$13K Smuggler's Fee Part Of Salvadoran's Plan To Get To U.S.
El Salvador man tells Newsy the smuggler charge covers three attempts to cross into the U.S.
Amid record numbers of border crossings, images of migrants being smuggled into Texas have caught the country's attention.
Yet the migration crisis facing the Biden administration starts thousands of miles away.
In El Salvador, we caught up with a father and husband getting ready for the long and risky trek north.
"I am thinking about immigrating to the U.S. because of the economic situation that is happening in the country, the unemployment and the delinquency," said Daniel Umana from his home in San Salvador.
Last month, the U.S. reportedly apprehended 171,000 migrants at the southern border, a 15-year high.
And while the steep rise of unaccompanied children and families pose the greatest challenge, the surge is also driven by men traveling alone.
"If I were to undertake the trip, I would do it alone because of how dangerous it is, based on what I heard from my friends in the U.S.," Umana said.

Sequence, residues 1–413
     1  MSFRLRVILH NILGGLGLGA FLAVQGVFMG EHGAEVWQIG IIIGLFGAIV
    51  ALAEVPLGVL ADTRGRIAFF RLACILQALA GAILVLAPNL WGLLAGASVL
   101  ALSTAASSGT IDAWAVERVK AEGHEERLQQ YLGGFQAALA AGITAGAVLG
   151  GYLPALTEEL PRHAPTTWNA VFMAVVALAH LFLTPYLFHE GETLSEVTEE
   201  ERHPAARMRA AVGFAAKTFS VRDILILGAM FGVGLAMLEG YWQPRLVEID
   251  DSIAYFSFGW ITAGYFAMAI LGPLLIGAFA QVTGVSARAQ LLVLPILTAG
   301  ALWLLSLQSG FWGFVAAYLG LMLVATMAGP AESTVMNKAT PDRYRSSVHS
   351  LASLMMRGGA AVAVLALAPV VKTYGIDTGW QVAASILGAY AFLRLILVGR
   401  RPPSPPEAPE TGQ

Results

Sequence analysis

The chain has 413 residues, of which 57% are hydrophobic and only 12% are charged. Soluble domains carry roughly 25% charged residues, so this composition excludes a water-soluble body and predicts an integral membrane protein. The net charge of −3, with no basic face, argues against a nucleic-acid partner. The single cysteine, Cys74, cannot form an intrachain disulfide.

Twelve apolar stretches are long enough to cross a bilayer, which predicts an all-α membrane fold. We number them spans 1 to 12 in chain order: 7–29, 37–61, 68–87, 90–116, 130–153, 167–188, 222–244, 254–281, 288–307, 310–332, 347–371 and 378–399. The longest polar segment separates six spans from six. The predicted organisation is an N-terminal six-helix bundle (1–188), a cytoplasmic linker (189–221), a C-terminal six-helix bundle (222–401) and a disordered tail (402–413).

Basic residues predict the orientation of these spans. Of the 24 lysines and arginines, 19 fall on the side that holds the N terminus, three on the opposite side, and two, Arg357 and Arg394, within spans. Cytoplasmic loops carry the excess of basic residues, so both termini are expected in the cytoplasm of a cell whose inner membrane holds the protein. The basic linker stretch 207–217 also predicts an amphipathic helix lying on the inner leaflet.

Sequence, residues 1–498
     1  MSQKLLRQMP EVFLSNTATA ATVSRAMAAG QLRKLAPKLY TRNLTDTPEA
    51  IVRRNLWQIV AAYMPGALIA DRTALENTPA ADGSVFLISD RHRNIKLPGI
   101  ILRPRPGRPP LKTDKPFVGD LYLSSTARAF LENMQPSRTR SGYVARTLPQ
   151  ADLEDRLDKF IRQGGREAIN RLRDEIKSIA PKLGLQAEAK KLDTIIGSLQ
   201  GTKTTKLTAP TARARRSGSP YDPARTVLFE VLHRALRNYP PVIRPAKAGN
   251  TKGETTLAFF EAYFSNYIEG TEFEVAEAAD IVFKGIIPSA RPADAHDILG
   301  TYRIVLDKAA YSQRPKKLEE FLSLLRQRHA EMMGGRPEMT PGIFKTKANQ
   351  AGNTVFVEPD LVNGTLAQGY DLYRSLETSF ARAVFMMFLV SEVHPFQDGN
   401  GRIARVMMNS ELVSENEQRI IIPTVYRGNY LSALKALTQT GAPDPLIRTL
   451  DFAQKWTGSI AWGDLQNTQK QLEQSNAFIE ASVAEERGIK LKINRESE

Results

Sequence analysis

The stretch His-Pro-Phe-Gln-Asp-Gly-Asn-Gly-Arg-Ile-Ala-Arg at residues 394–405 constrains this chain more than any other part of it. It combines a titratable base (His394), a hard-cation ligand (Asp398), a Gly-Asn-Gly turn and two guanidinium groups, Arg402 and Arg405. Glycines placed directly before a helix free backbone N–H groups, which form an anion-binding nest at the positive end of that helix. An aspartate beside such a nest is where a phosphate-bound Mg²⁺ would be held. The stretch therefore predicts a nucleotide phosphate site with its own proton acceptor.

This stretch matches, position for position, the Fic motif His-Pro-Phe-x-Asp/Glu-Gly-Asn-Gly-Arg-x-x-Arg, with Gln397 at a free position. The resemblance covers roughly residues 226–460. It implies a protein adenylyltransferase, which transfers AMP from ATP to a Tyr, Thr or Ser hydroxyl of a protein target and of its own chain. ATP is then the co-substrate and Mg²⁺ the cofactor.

Umana says he wants to go north alone, and then figure out a way for his wife and kids to join him later.
But first, he needs to borrow $13,000 to pay for a smuggler. That would buy him three attempts to cross into the U.S. Half of it upfront. The other half when he's made it.
"That includes food and places where you sleep on the way. And it gives you three tries. If they catch you the first time, you have two more," Umana explained.
Umana has friends who just made it to the U.S. illegally — and all found jobs right away. But he didn't consider leaving El Salvador until recently.
He's been struggling to make ends meet as an Uber driver during the pandemic. And his wife recently lost the cashier job she held for six years.
"When the pandemic came and they fired her, only I stayed working. It wasn't enough for us anymore," he said.
El Salavador's sky-high homicide rate has sharply decreased in the past couple years but the country remains plagued by endemic poverty, corruption and gang violence.
"I don't want my children to go through what I go through surrounded by gangs. What the majority of Salvadorans do is go to high school and then seek a job in a factory," Umana said.
Umana says he didn't want to make the trip in recent years because he heard the Trump administration treated migrants with cruelty.
But now he's hopeful he will make it through thanks to new Biden administration policies he perceives as friendlier.
"When the new president arrived, it appeared he would be more accepting and less racist towards migrants than President Trump. So, immigrating looks like a more attractive prospect," he said.
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